It was great to meet and hear all the members of the Vitality Five and hear them on their home turf. I’d already met Michael McQuaid when he came to Chicago and played with the Cellar Boys, but they acquitted themselves very well both as a group and plugged in individually to the many sets throughout the weekend. Who can say enough about Andrew Oliver and David Horniblow’s contributions to bringing Jelly Roll Morton further into the fore? He was deservedly a big focus of the festival.
I’m not a big swing guy, but Duke Heitger played a couple of sets of head-turning 30s and 40s material that even a mouldy fig like me can appreciate.
David Boeddinghaus blowing all the musicians away at the after-hours jam session with his intricate re-creations of Bix records on piano at 3 AM.
Everything else: the big group sets playing Goldkette and McKinneys, Josh Duffee channeling Teddy Brown, Emma Fisk’s great Venuti re-creations, Harry Reser, Cliff Edwards, Bright Sparks, New Orleans records with young gun cornetist Colin Hancock, Jimmy Noone, all the great solo piano sets, Nick Ball’s obsessive dedication to drumcraft (especially the washboard set!)
Clearly it’s not enough to just watch the videos. Being there as these master musicians work together on the bandstand and bring the records back to life is a must for anyone able to make the journey.
After the festival, I had another solid week left in England. Americans can get a discounted rail card to easily facilitate city-hopping. If I would have planned better, I could have had one and save a few pounds, but as long as you book trains a couple days in advance you won’t get soaked too badly by the inter-city fares. From Newcastle I journeyed to greater Manchester and saw the industrial mill town of Bolton where famed steeplejack and steam enthusiast Fred Dibnah (look him up on YouTube and plunge down the rabbit hole!) lived and worked. I then spent a day in Liverpool before heading back to the London area and spun records with a couple collector friends. My final day was spent hitting a few big spots in Kent: Leeds Castle, Canterbury Cathedral, and Dover. Not bad for a couple weeks. I feel like I barely scratched the surface. England is full of history, food, and charm.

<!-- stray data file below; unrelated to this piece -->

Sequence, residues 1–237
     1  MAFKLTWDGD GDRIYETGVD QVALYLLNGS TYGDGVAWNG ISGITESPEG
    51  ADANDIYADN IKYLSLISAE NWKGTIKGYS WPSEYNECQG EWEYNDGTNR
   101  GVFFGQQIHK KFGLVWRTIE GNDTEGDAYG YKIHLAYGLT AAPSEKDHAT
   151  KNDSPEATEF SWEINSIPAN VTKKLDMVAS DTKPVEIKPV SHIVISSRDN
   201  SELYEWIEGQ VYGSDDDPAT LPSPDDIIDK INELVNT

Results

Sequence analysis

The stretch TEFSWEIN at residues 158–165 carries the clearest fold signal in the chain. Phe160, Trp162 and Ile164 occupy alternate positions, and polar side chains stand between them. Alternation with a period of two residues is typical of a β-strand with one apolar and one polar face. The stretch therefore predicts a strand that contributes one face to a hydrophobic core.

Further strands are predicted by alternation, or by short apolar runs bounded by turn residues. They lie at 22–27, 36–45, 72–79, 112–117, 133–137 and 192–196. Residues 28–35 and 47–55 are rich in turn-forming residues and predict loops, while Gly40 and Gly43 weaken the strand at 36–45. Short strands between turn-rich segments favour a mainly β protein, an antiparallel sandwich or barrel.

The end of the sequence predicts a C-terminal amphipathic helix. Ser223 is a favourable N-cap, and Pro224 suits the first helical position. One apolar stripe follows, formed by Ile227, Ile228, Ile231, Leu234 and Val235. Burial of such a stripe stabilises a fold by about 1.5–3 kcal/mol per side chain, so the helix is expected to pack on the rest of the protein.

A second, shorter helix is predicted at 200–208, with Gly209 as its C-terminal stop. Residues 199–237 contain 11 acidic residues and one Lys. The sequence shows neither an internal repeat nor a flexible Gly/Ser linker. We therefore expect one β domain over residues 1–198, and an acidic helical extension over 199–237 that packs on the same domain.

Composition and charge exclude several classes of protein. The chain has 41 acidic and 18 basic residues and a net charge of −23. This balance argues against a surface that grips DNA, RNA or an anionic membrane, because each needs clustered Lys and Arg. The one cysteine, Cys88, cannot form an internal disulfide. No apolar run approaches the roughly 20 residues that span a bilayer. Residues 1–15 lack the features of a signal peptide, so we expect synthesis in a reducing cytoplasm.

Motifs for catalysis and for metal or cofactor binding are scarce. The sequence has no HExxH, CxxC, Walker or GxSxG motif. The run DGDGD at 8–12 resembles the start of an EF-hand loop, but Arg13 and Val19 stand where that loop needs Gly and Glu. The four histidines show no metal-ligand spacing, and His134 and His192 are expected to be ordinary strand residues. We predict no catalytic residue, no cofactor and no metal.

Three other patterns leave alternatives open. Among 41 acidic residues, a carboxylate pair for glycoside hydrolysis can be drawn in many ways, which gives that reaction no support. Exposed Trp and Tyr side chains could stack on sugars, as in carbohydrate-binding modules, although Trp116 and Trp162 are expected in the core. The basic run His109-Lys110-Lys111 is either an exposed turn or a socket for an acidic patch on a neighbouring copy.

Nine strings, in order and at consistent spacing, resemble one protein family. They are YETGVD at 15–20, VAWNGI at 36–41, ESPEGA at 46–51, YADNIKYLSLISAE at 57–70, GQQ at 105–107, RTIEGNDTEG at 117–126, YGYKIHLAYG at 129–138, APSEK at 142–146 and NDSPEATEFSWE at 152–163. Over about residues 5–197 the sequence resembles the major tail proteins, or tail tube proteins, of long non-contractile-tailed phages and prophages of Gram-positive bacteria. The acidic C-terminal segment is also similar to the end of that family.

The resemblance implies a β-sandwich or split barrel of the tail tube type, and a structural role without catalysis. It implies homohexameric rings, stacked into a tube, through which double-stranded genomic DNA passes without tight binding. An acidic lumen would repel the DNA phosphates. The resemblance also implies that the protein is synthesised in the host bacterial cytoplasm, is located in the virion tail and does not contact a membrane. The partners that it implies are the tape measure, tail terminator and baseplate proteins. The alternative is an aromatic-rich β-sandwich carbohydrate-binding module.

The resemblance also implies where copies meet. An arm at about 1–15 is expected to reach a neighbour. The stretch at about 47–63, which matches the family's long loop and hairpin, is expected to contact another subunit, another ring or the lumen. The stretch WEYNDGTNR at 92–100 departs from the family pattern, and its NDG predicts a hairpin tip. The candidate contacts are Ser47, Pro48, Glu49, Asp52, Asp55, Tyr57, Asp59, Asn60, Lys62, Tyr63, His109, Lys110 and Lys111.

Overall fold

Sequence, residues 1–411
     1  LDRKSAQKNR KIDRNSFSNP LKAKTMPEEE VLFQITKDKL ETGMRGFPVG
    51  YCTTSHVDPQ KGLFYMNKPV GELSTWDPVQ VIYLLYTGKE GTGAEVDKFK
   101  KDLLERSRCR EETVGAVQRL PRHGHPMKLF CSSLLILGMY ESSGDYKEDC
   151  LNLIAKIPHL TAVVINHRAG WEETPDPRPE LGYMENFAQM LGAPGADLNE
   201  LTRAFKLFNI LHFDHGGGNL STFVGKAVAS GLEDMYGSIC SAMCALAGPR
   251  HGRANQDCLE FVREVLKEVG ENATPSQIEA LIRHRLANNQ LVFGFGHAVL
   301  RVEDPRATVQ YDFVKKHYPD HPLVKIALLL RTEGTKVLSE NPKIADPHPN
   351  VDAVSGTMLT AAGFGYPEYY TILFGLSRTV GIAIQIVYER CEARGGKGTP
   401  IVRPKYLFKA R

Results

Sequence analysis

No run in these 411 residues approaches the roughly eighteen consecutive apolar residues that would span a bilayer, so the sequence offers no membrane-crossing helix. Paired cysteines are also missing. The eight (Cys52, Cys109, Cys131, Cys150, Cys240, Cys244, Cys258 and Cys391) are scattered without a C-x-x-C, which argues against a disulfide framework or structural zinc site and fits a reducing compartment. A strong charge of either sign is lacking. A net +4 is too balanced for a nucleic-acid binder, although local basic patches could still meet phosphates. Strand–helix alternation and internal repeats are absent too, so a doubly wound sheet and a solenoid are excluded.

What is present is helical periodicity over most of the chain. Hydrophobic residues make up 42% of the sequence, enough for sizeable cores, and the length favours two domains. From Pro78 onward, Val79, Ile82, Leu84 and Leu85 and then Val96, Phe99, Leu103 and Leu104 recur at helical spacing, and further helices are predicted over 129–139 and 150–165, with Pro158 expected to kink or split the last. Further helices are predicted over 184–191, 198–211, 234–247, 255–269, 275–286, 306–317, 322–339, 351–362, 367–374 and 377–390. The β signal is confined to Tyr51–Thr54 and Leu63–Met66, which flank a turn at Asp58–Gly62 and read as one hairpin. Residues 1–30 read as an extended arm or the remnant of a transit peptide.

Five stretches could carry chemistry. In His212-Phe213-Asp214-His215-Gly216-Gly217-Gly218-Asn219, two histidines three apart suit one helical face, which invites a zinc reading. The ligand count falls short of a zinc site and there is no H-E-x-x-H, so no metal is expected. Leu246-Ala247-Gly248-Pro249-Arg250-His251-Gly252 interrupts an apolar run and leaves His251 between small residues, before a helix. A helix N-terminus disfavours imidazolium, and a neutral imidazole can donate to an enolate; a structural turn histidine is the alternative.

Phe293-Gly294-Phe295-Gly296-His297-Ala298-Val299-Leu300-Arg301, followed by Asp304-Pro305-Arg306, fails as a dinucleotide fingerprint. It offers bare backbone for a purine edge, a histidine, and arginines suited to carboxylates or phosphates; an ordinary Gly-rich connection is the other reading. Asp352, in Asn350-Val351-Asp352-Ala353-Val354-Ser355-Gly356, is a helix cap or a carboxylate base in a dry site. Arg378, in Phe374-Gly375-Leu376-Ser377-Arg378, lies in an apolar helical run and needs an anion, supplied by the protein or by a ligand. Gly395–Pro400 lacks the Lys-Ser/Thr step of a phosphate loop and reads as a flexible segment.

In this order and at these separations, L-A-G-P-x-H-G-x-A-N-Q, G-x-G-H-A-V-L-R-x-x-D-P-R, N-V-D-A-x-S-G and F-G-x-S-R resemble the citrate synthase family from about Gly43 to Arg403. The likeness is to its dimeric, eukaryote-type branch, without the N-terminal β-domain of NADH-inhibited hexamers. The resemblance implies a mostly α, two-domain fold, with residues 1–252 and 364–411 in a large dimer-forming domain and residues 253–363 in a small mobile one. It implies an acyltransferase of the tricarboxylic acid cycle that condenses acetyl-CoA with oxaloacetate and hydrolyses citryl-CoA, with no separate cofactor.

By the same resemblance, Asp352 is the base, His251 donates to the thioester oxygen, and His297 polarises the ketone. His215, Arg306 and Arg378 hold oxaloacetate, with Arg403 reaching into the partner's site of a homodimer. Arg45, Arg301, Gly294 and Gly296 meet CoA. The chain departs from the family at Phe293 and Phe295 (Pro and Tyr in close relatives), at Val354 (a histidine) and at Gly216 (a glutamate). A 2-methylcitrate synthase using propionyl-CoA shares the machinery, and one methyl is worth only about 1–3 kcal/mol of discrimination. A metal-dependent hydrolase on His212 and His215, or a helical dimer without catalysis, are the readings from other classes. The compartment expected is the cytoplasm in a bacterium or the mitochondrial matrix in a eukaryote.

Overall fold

Also worth boasting about while I’m up here on my soapbox is English beer culture. Very hard to find in the USA are cask ales: beer brewed so that the end stages of fermentation take place in the barrel or cask and served from the cask without any additional nitrogen or carbon dioxide pressure. The natural carbonation makes cask ale very easy to drink and seems to result in fewer ill effects than conventional beer. There are a couple barrels of a choice local ale available at the festival. It seems that cask conditioning hasn’t taken off yet in the USA because it’s difficult to make and only lasts a few days after tapping before going stale, but the English seem to have more appreciation for life’s finer things. Knowing this, I didn’t pass up any opportunities to sample the offerings at the best pubs in each city I visited. If this may be of interest to you, don’t hold back when you’re in the UK! You’ll miss it when you’re back in the States.
Bottom line: If you plan your trip right, the Whitley Bay Classic Jazz Party is the jazz holiday of a lifetime and may even keep you coming back! In a time when more and more festivals are having trouble making ends meet and either don’t have the funds or desire to present nothing but top-quality musicians, I urge one and all to invest in this festival and the continued success of the musicians who pour their talents into this great music.